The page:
Magazine article UNESCO Courier

The Canopy Raft

Magazine article UNESCO Courier

The Canopy Raft

Article excerpt

SATELLITES, aircraft, ultra-light aircraft and tethered balloons all enable photographs and measurements to be taken from above the forest canopy. Something else is needed, however, for taking measurements and samples from within the canopy, hence the use of walkways and vertical towers at MAB research stations such as Sakaerat (Thailand), Tai (Ivory Coast), and DimonikaMayombe (Congo).

Another approach is to climb up into the canopy, either using the trunk as a means of support or directly into the branches from the ground or from a neighbouring tree. Abseiling is among the devices borrowed from rock-climbing that have been used in scaling up and down the forest profile, but this is definitely not a technique to be recommended to the unitiated or the fainthearted.

Recognition of the shortcomings of these methods led to the idea of using a hot air balloon as a method for studying the forest canopy. The idea was the brain-child of Francis Halle, a botanist who has long been interested in the architecture of tropical forest ecosystems, Dany Cleyet-Marrel, an aeronautic designer and owner of the balloon, and Gilles Ebersolt, a young balloon enthusiast and constructor.

The Radeau des Cimes (canopy raft), as it was baptized by its French inventors, is 31 metres long by 22 metres wide and con sists of inflatable rubber cylinders connected by a sort of net trampoline made of PVC-covered Kevlar. Weighing 750 kilograms, the raft serves as the nacelle for the hot air balloon of 3,000 cubic metres to which it is attached by twelve cables.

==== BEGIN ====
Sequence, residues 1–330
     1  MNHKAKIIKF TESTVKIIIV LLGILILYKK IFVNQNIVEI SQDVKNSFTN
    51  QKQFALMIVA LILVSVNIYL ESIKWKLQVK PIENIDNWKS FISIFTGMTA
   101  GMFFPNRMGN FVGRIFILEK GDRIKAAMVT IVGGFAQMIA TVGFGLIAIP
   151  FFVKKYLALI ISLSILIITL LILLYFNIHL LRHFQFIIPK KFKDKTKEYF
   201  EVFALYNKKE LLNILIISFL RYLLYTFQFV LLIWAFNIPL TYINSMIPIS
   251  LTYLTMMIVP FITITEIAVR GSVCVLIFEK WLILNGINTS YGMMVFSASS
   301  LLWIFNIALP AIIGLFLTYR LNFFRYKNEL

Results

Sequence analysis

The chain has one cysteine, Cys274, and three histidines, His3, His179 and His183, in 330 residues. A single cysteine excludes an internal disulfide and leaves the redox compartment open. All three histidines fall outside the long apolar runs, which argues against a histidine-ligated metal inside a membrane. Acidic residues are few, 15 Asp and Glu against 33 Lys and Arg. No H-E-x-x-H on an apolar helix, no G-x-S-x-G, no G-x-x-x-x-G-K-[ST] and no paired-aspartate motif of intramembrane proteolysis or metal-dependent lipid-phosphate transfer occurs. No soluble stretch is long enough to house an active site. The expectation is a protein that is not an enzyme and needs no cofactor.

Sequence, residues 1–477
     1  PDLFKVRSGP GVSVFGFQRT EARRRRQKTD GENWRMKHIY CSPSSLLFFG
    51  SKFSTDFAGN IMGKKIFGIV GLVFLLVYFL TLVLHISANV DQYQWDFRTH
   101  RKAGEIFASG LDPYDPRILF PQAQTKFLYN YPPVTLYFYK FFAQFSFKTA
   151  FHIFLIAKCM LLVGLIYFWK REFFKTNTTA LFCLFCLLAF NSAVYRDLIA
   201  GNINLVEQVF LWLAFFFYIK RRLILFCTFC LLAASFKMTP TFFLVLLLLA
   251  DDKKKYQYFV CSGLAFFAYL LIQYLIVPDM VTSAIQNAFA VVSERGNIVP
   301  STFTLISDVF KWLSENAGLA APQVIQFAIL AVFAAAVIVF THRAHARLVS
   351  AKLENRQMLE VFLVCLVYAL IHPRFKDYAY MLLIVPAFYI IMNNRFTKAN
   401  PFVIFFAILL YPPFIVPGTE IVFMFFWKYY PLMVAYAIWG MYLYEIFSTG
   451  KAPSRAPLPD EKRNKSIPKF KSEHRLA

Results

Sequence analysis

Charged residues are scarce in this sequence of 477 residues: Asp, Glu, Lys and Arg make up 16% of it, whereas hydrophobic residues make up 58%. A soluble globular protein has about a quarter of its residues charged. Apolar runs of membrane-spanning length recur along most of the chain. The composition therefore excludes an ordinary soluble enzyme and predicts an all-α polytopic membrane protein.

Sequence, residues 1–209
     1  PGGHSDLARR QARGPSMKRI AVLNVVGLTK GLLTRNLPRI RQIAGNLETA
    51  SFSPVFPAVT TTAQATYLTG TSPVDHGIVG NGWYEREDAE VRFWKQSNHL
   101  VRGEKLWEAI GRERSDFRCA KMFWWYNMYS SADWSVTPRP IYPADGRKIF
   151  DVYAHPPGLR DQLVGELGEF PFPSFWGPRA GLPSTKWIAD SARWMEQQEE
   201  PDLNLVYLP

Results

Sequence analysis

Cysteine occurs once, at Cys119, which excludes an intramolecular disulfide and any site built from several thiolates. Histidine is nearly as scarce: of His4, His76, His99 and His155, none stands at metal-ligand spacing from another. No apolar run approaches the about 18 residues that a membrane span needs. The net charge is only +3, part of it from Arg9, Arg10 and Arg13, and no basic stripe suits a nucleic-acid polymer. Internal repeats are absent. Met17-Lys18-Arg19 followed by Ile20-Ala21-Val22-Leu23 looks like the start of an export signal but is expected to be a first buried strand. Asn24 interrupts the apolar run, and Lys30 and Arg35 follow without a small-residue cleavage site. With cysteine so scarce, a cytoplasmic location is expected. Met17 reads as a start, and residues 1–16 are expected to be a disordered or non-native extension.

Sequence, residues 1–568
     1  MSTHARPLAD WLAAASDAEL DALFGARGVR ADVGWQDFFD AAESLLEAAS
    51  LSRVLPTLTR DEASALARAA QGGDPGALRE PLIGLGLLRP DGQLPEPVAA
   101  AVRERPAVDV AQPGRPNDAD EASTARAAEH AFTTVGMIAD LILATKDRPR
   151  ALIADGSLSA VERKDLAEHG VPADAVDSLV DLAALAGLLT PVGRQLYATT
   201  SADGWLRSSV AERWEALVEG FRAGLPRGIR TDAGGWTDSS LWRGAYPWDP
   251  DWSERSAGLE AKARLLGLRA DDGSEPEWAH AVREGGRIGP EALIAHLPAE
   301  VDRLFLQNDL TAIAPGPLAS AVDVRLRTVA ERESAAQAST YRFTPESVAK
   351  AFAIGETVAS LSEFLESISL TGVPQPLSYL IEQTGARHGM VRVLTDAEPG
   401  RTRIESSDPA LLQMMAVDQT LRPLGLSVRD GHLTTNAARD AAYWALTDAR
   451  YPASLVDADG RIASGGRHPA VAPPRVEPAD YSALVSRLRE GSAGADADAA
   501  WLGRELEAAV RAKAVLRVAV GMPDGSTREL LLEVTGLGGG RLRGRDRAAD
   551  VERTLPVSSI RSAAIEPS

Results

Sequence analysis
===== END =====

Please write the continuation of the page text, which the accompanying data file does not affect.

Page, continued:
Once airborne, the raft skims downwind, just a few metres above the forest canopy. The two-man crew of pilot and scientist use a g uide-rope to orient the raft and to land it on top of the canopy. Once the raft is landed and secured, the balloon is deflated and folded away and the scientific work can begin. Liaison with a ground team is established by means of a caving cable, which enables other scientists to have access to the canopy.

Initial results have been promising. After trials with a helicopter-landed, 12 by 12 metre protoype raft in the Forest of Pilat, in France, in October 1985, the first field trails in the tropics took place in October 1986 in French Guyana, in the region of Montsinery. Samples were taken of trees, lianas and parasitic plants, which were then conserved using a method perfected by the British Museum of Natural History in London. Ultra-violet lamps and interception nets were among the methods used for collecting insects, particular emphasis being given to two groups of beetles. Other observations and sampling concerned epiphytic plants, ant gardens and atmospheric pollen.

If all goes well, a second set of trials, to be held in late 1987 at the MAB project site of Makokou, in Gabon, will seek to associate other scientific disciplines in addition to those that took part in the first series-medical entomology and parasitology, bioclimatology and mammalogy, ornithology and floral biology.

First, however, a number of improvements need to be made in the basic operation of the canopy raft. These include an increase in upward force, improvement of visibility through the nets, improvement of access from the soil, improvement of night use and the addition of a directional movement capability. At a post-trial meeting held in Paris in December 1986, the feeling was that these various improvements should all be technically feasible, although a fair amount of financial sponsorship would be required. …

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